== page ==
By Whitney Matusiak
If you have read my BoldFace post “Three months at a literary agency made me a better editor,” then you’ll remember I figured out a systematic editorial approach that I developed from repetition. I looked at a lot of manuscripts and worked out the steps to increase an author’s chance of getting accepted by an agent and eventually published. When I switched industries from publishing to marketing, that repertoire only got me so far. It was by breaking the editor’s cardinal rule—and nearly making a career-limiting move—during my three months in marketing that taught me to be an even better editor.
Earlier this year I started a contract with a global architectural firm. They had a short-term project for me: something I could quickly sink my teeth into before moving on to another adventure in editing. The project was the firm’s second-annual “best of” publication on design excellence—a collection of 10 projects submitted by people from their offices around the world that exhibited, well, excellence in design. On my first day I was given a stack of project questionnaires that had been filled out by each of the project’s designers. The answers covered the context, design challenges, and technical merit of each project. As the gal tasked with compiling the content for this year’s publication, I thought, “Geez, I’m in heaven. Look at all this content to work with!” So, I worried less about the words and focused on other elements of the publication, like the layout and the marriage of text with image—things decidedly less content related.
While there are a lot of “rules” that editors should, and do, routinely follow, here’s the one that tops my list: what’s written is necessarily what should be published. As a result, I accepted the native content, and made very few changes under the rationale of wanting to preserve the author’s tone and intention. Of course, this seemed logical at the time. I wanted things to go as smoothly as possible—perhaps my strategy would make me more likeable, land me another job, or help me avoid those tense conversations where you have to say to an author, “This is good, but I’d like to help you make it better.”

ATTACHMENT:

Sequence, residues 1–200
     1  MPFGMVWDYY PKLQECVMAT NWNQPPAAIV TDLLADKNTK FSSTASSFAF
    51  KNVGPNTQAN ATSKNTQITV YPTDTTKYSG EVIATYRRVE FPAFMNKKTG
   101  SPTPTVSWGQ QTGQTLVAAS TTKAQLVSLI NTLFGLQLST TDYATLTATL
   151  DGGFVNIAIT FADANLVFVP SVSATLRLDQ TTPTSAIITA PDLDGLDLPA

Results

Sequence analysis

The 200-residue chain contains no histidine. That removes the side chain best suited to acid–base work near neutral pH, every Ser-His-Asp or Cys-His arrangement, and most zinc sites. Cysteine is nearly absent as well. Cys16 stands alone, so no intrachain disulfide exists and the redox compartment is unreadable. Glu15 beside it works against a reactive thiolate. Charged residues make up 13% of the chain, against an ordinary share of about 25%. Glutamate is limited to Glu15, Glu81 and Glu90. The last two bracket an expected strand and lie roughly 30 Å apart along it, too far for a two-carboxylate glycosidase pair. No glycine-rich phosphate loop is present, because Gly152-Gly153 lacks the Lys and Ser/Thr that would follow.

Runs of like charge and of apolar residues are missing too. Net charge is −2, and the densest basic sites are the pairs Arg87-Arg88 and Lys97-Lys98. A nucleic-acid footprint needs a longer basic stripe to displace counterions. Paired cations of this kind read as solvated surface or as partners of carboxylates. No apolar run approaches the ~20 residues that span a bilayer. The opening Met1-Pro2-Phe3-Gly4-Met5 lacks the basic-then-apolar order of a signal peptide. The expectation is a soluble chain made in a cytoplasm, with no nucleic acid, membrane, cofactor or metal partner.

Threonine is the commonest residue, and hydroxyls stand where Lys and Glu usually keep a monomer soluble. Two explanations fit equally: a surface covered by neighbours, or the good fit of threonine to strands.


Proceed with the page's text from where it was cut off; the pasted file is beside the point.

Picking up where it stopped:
The project had an author-identity complex of Catch Me If You Can proportions. I wasn’t dealing with a single author/single editor kind of relationship. There were more than a dozen authors and co-authors I had to communicate with in order to get this publication on the shelf. Each author had their own style, jargon, and penchant for dangling participles. I also had to report to a review committee made up of members with their own expectations for the publication. I was overwhelmed before I even started, and the idea of claiming “But that’s the way the author intended it” was the end-of-conversation marker that I had rested my laurels on. When I had compiled all the project write-ups using my minimalist editorial approach, I passed the work off to an in-house copy editor. What I got back were few editorial changes—an A for effort, I guess—and an invaluable piece of advice in the form of a nearly existential question: “Are you proud of this?”
To some, the lines between author and editor are clear. I thought they were to me; however, when I re-read the drafts, I realized that while my name wasn’t attached to the project, my reputation certainly was. The writing was clunky in parts and suave in others, formal (except when it was informal), and definitely bordering on boring. I had failed to look at the publication as a whole and, more crucially, examine the three elements that spell success when it comes to the written word: audience, medium, and purpose. What’s written is not necessarily what should be published. I had to break my own cardinal rule.
So, I moved on to round two, which felt more like round 202. With fresh eyes and a new perspective, I saw that there was clearly a lot of work yet to be done—subtle shifts in tense, paragraph transitions, and the arduous task of culling adjectives. Oh, the adjectives. Nevertheless, round two was well worth the extra effort: I learned the value of being accountable to the author, to the audience, and, most importantly, to myself.
Whitney Matusiak is a freelance writer and editor who provides copywriting and substantive and copy editing services for corporate, academic, trade, and lifestyle publications.
This article was copy edited by Alanna Brousseau.